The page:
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Overview of Epigenetic Mechanisms

Arthur D. Riggs, Thomas N. Porter


How is activity state information of a particular gene or chromosomal domain passed unchanged from parent cells to progeny cells when both the active and inactive states have the same DNA sequence? Cell memory – the faithful transmission of determined states to progeny cells – is essential for development of multicellular organisms, including plants, insects, and mammals. What epigenetic mechanisms account for cell memory? With regard to genomic imprinting, how are chromosomal domains marked as to parental source, and how is monoallelic expression in diploid cells accomplished? How can one X chromosome in mammalian cells be genetically silenced without affecting its homolog? Although these important questions have been addressed by numerous scientists for many years, we still are without complete answers. Several models to explain epigenetic phenomena have been proposed, however, and these are categorized in Table 1. These models are discussed below, and where possible, they are explained in the context of experimental examples.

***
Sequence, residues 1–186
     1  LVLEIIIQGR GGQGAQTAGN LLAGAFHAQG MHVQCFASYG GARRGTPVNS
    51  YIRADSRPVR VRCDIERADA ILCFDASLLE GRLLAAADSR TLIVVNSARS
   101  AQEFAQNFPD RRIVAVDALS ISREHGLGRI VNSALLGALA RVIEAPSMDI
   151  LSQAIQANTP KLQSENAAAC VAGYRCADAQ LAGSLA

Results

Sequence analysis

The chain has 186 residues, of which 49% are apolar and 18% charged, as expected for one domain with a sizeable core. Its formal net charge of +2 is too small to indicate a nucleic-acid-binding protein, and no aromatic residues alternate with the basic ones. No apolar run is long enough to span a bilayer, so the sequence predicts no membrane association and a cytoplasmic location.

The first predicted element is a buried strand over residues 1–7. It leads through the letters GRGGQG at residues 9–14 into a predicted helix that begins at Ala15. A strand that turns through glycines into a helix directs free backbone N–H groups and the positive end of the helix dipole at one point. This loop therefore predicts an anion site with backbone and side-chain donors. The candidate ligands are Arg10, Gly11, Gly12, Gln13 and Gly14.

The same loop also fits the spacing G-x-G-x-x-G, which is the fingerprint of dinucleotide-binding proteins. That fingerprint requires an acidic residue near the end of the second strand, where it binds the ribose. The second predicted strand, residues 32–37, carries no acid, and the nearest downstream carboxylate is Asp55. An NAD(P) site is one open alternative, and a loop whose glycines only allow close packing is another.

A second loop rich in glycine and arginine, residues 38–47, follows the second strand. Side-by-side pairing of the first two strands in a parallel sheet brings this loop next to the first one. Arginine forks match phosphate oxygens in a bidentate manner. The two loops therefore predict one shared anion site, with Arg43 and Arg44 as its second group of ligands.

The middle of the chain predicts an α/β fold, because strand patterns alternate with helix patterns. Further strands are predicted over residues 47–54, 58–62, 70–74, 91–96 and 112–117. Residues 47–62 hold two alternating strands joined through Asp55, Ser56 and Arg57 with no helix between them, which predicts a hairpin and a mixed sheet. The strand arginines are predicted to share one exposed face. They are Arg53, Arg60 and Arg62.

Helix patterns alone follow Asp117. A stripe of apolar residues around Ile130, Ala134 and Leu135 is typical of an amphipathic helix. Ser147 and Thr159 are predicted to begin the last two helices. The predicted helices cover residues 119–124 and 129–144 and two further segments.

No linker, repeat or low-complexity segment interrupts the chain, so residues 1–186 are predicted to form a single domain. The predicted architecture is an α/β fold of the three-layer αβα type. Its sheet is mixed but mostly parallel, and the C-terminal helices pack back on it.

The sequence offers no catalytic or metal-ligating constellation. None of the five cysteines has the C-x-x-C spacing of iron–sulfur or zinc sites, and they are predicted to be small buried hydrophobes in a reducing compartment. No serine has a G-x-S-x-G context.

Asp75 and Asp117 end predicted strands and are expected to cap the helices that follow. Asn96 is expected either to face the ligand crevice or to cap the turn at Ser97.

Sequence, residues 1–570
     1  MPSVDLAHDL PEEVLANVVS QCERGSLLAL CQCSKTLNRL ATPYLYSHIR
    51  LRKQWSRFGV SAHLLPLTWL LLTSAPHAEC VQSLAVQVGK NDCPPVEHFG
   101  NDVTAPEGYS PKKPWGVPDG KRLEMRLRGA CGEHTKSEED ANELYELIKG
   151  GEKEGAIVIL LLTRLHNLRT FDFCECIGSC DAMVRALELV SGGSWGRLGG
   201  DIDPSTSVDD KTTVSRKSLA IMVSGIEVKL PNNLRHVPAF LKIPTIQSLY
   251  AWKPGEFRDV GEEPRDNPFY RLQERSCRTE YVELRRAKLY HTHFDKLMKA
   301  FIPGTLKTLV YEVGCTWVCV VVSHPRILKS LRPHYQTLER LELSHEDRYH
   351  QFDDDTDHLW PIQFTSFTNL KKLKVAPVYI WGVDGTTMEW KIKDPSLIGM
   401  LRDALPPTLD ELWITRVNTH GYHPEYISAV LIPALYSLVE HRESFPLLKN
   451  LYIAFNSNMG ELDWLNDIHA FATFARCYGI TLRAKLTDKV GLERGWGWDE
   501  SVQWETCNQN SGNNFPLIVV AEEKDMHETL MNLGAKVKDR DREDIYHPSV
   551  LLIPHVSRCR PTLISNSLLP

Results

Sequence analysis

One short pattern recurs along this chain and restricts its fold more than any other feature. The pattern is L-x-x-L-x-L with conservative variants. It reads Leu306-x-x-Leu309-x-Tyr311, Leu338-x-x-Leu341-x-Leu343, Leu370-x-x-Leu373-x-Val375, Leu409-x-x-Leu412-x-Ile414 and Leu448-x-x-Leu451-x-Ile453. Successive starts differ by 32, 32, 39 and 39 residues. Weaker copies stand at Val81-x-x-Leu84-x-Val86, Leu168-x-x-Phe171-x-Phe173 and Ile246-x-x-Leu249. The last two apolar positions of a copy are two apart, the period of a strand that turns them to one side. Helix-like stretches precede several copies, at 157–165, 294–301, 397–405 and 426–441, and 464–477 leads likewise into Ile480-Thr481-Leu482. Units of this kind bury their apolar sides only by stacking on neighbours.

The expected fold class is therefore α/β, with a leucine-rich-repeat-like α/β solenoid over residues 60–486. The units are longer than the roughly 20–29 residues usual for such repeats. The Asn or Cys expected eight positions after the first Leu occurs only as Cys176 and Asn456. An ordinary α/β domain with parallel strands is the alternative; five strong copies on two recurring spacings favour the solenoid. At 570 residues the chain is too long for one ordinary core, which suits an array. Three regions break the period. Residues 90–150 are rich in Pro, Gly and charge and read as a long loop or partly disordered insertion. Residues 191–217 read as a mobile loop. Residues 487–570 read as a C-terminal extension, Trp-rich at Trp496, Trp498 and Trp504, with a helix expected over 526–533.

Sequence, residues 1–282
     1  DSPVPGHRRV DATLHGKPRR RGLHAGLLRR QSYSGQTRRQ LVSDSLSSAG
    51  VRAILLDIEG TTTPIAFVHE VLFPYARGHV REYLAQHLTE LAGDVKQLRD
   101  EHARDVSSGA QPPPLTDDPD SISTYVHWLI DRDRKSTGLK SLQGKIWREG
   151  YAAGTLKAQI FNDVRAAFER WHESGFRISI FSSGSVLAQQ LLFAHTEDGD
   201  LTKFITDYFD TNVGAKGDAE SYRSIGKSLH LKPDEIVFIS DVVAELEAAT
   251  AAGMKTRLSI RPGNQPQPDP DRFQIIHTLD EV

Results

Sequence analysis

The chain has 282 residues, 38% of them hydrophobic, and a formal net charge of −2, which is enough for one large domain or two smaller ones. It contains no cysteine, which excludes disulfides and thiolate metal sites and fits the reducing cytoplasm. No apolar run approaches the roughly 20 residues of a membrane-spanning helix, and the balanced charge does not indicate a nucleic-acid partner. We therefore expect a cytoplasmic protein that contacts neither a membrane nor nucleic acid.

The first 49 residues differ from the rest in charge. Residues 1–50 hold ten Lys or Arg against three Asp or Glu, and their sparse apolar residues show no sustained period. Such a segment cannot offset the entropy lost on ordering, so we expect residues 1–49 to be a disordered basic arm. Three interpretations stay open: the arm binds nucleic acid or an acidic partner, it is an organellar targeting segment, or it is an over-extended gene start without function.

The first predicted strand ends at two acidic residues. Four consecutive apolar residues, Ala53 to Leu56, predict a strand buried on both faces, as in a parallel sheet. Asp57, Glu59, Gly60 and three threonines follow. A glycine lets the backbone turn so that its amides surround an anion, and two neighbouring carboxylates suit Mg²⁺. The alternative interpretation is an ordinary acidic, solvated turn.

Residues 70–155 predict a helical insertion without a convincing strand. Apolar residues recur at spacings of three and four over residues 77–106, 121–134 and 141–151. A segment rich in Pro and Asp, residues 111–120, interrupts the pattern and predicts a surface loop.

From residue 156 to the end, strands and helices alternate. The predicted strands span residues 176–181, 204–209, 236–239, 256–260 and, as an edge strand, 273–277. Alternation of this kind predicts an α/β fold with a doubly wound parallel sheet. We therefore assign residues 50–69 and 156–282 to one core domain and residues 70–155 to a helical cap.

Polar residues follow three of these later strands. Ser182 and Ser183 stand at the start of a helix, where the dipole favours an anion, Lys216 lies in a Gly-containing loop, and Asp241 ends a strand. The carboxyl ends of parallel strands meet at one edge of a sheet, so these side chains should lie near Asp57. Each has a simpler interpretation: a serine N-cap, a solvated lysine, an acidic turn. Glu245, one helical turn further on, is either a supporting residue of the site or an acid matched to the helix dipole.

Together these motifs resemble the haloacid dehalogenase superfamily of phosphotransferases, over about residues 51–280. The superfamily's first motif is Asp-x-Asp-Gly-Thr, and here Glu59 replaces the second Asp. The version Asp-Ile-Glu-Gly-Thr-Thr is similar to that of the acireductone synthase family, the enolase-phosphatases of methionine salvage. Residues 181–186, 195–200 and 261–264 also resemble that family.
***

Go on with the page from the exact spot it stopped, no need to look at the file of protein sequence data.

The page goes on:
Relatively simple feedback circuits can explain at least some clonally heritable epigenetic phenomena in which both alleles in diploid cells are treated similarly. This is also true for phenomena involving co-regulation of all gene copies in polytene Drosophila cells or multicopy transgenic animal or plant cells. However, meiotic heritability and phenomena showing differential treatment of identical alleles, such as X-chromosome inactivation and genomic imprinting, seem to need additional cis-limited mechanisms. It should be clearly understood that models listed in Table 1 are not mutually exclusive. On the contrary, it is very likely that more than one mechanism...

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